New Treatment Could Help Heart Valve Leaks


3D Illustration of tricuspid valve in heart | Image by sciencepics/Shutterstock

New research has yielded promising results for those with achy, breaky, and above all, leaky hearts.

Abbott, a medical device tech company, funded a clinical trial in which patients suffering from seriously leaking tricuspid valves in their hearts were fitted with a device meant to make the valve smaller and better able to function.

The results were published in The New England Journal of Medicine and were presented at the yearly meeting of the American College of Cardiology, per The New York Times.

Normally, those suffering from this condition have a poor quality of life.

“Imagine a beach ball filled with fluid in your stomach all the time,” Dr. Joseph Cleveland, Jr., a cardiothoracic surgeon at the University of Colorado School of Medicine, told the NYT.

Situated on the right side of the heart, the tricuspid valve facilitates the flow of deoxygenated blood between the right atrium and the right ventricle. However, when the valve malfunctions, blood flows backward, accumulating fluid in vital organs and swelling in the legs and feet. Even patients’ eyes can become swollen. In severe cases, this condition can result in heart failure.

According to Dr. Gregg Stone, an interventional cardiologist at Icahn School of Medicine at Mount Sinai, there are over one million people living with this condition in the United States. It predominantly affects older individuals and is a serious concern due to its potentially life-threatening consequences.

Up to recently, the only permanent solution available to those with leaking tricuspid valves was a very risky repair through open-heart surgery.

Drugs known as loop diuretics, which flush excess fluid from the body, are able to relieve some of the fluid retention felt by those with leaky tricuspid valves. But the results provided by this treatment are temporary.

In the clinical trial run by Abbott, 350 patients afflicted with severe valve leakage were randomly assigned to either the clip implant or medical therapy using a loop diuretic. The trial participants had an average age of 78 and they were observed for one year.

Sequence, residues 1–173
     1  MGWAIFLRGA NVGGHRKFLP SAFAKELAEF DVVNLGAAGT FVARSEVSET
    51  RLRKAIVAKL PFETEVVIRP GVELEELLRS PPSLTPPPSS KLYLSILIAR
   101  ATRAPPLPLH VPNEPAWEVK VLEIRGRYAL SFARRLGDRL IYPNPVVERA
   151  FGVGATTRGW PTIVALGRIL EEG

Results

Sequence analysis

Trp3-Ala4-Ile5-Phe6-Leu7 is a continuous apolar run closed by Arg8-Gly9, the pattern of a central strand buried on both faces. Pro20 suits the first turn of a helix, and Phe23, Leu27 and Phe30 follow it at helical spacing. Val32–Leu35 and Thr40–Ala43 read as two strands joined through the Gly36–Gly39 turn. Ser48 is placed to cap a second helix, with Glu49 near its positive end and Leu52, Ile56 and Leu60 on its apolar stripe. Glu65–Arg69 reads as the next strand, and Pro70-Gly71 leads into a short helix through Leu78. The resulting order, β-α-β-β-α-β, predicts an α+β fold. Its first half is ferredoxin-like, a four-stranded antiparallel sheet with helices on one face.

After a month of receiving the clip implant, 87% of patients saw a mild or moderate reduction in their symptoms, compared to only 4.8% of the group that received loop diuretics.

Patients who underwent the clipping treatment reported a significantly improved quality of life.

According to the NYT, Adelaide Effertz, an 86-year-old patient who resides on a farm in Minnesota, was among the first to receive the treatment. She reported feeling better immediately and is no longer forced to nap each afternoon.

Dr. Kendra Grubb, a heart surgeon and director of the structural heart center at Emory University, who was not involved in the study, has described the new treatment as a significant breakthrough, per the NYT. She further commented that although medical therapy has enabled doctors to keep patients alive, “it’s a miserable way to live.”

Now, patients with seriously leaking tricuspid valves in their hearts may finally have a safe and effective treatment option.

The clipping treatment was deemed safe by those running the clinical trial, with a reported mortality risk of less than 1% in very sick patients and an average hospital stay of one day.

It is not yet known how much the clip implant will cost or when it will become available after regulatory approval.

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